Ever since George Lazenby took over for Sean Connery in 1969's On Her Majesty's Secret Service, it's been clear that the story of James Bond will never end. The five movies starring Daniel Craig as the iconic British superspy have been a sustained effort in defying that incontrovertible fact, and the last three Craig movies have all been crafted as valedictions in some way. With No Time to Die, Craig is truly, officially leaving the role, and the movie spends so much time on its sentimental farewell to Bond that it seems to forget what made him worth watching in the first place.
It doesn't help that Craig's Bond already had a perfect send-off in 2012's Skyfall, the strongest of the Craig movies and one of the best Bond movies overall. No Time to Die puts much more effort into its sense of finality, but it never achieves the emotional resonance of Skyfall. Part of the problem is that No Time to Die has been set up not only as a culmination of the Craig era, but also as a direct sequel to 2015's mediocre Spectre.
Bond has left the spy life behind to settle down with psychiatrist Madeleine Swann (Léa Seydoux), his thinly established Spectre love interest, and No Time to Die often feels like it's as much Madeleine's story as Bond's. The movie opens with a flashback to Madeleine's childhood, as she's forced to confront a dangerous home invader. In the present, the idyllic life that Bond and Madeleine have built is soon shattered, and he insists they go their separate ways.
Cut to five years later, and Bond is a recluse living in Jamaica, where he's recruited by his old CIA pal Felix Leiter (Jeffrey Wright, returning after two movies away) to help track down a scientist who's been abducted along with a deadly bioweapon. That eventually puts Bond back in the orbit of MI6 and his old boss M (Ralph Fiennes), along with familiar supporting characters Q (Ben Whishaw) and Moneypenny (Naomie Harris). There's also a new agent (Lashana Lynch) who's been given Bond's old 007 designation. That's not to mention Spectre villain Ernst Stavro Blofeld (Christoph Waltz), who's locked away in an elaborate prison like he's Magneto, and of course Madeleine herself.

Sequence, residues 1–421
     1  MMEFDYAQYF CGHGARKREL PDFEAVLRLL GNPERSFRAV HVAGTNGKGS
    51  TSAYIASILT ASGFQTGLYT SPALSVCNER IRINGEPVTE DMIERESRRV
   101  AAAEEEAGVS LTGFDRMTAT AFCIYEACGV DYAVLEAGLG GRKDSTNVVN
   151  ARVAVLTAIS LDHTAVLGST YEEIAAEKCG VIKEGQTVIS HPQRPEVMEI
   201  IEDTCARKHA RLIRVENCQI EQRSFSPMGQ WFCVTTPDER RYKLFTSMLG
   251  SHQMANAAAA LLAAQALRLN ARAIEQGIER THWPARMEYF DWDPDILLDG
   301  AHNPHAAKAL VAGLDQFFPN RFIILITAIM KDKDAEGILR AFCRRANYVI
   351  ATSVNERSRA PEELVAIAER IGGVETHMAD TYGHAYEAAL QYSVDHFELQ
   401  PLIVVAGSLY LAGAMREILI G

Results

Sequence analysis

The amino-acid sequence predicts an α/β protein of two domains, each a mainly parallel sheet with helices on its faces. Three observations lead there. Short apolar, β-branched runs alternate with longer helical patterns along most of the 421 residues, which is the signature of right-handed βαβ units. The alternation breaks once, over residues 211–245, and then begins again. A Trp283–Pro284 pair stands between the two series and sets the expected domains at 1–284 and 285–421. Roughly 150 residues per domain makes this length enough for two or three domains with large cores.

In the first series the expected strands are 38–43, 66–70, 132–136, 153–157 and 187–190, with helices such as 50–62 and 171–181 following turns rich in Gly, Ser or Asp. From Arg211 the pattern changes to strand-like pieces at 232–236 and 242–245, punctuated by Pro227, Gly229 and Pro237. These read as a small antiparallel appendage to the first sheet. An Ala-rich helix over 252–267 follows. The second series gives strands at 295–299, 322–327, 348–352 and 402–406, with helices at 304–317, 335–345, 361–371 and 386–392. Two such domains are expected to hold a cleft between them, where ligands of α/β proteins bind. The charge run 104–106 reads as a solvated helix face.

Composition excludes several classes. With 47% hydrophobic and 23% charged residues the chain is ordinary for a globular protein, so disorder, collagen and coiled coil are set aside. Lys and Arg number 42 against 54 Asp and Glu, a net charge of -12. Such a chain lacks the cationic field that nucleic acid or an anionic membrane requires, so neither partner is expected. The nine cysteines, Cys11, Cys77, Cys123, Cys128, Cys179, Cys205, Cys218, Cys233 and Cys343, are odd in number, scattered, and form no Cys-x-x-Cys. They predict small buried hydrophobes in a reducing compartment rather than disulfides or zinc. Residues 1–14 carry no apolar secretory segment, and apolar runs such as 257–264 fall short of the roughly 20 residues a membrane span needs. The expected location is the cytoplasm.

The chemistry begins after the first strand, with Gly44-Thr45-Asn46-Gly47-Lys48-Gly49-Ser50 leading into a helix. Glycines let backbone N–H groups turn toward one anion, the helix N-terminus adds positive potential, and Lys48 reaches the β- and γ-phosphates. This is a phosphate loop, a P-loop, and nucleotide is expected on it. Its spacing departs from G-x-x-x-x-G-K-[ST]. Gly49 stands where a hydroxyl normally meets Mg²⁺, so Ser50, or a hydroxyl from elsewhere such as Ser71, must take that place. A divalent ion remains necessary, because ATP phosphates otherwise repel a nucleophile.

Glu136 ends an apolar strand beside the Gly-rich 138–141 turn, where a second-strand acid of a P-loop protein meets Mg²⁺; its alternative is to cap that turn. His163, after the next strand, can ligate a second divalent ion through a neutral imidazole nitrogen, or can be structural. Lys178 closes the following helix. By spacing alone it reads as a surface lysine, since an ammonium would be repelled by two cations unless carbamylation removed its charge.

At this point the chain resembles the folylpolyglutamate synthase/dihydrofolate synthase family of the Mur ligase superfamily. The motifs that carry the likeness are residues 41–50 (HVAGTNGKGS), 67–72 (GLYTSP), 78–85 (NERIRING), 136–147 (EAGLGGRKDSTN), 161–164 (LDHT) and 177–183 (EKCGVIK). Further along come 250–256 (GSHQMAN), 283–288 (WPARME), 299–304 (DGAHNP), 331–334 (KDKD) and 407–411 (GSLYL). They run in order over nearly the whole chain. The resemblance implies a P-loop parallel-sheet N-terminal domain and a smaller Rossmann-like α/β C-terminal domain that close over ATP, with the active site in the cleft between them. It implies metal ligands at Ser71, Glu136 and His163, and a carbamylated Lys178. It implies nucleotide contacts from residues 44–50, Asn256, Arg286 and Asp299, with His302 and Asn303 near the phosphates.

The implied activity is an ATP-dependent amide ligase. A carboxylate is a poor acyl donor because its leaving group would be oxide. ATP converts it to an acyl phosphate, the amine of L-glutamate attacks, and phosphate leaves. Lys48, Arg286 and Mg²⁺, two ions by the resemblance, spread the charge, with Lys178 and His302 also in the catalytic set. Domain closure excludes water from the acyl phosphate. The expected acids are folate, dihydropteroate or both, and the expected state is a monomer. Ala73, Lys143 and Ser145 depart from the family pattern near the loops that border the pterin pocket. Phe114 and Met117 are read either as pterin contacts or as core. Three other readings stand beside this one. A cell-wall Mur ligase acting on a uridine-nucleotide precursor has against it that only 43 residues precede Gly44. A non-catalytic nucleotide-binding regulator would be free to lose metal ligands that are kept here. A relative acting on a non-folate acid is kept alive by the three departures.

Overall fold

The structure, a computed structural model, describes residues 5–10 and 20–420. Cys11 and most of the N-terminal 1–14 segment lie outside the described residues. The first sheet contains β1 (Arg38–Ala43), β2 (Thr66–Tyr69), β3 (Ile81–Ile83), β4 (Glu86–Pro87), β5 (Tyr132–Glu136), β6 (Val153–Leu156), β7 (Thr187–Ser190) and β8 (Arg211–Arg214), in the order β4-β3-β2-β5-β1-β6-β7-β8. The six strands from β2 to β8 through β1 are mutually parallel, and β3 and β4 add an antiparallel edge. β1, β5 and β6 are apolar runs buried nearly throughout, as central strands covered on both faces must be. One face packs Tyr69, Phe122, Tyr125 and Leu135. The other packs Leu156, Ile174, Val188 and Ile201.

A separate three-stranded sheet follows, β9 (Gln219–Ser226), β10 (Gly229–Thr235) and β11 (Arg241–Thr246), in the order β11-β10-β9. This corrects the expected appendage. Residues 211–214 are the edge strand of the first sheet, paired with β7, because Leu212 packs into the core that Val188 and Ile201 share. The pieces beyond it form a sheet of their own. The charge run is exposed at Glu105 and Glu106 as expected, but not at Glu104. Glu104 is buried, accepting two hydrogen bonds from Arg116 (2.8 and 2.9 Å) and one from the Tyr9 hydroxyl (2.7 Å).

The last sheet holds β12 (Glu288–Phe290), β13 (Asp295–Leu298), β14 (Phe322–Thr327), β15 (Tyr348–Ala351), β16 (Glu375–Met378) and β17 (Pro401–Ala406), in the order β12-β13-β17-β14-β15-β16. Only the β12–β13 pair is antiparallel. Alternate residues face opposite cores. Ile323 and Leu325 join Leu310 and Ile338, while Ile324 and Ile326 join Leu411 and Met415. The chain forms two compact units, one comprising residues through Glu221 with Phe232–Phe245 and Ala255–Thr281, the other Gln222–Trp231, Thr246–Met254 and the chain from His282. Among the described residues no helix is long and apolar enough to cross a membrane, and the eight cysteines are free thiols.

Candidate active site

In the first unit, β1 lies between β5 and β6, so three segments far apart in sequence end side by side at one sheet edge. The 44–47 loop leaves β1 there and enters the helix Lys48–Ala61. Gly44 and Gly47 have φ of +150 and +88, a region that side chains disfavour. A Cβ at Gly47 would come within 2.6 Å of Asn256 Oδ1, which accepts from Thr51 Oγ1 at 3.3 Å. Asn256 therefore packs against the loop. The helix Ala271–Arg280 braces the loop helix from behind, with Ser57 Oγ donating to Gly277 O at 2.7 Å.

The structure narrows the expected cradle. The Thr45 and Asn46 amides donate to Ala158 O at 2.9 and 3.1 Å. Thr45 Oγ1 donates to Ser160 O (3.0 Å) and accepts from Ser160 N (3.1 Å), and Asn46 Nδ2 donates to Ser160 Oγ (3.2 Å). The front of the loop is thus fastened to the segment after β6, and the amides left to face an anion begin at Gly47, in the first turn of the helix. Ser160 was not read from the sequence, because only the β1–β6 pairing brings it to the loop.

No Time to Die runs an interminable 163 minutes (the longest Bond movie ever), and it can feel like watching an entire season of a TV series crammed into a feature film. And yet most of the supporting characters are still underused, especially Lynch's much-hyped Nomi. Ana de Armas shows up for one lively sequence set in Cuba, rousing the movie from its drippy doldrums as a nervous, quippy rookie operative who's more capable than she first appears. She's the highlight of the movie, and then she disappears.
Instead, No Time to Die is filled with unremarkable action sequences, convoluted betrayals and reveals, and lots of moping, from both Bond and Madeleine. Eventually, Rami Malek arrives as ludicrously named villain Lyutsifer Safin, whose plan for world domination via bioweapon is frustratingly vague, and whose connection to Madeleine feels forced. With his whispery delivery, Malek makes for an underwhelming adversary, not even matching up to Blofeld, whose onscreen time is similarly brief.
Cary Joji Fukunaga is the first Bond director to get a screenwriting credit, but aside from Safin's elaborate, deadly base, he doesn't come up with much that plays to his strengths as a visual stylist, mostly in TV work (True Detective, Maniac). By the time the movie arrives at its weepy end, its long goodbye has become more maudlin than celebratory. ♦
NO TIME TO DIE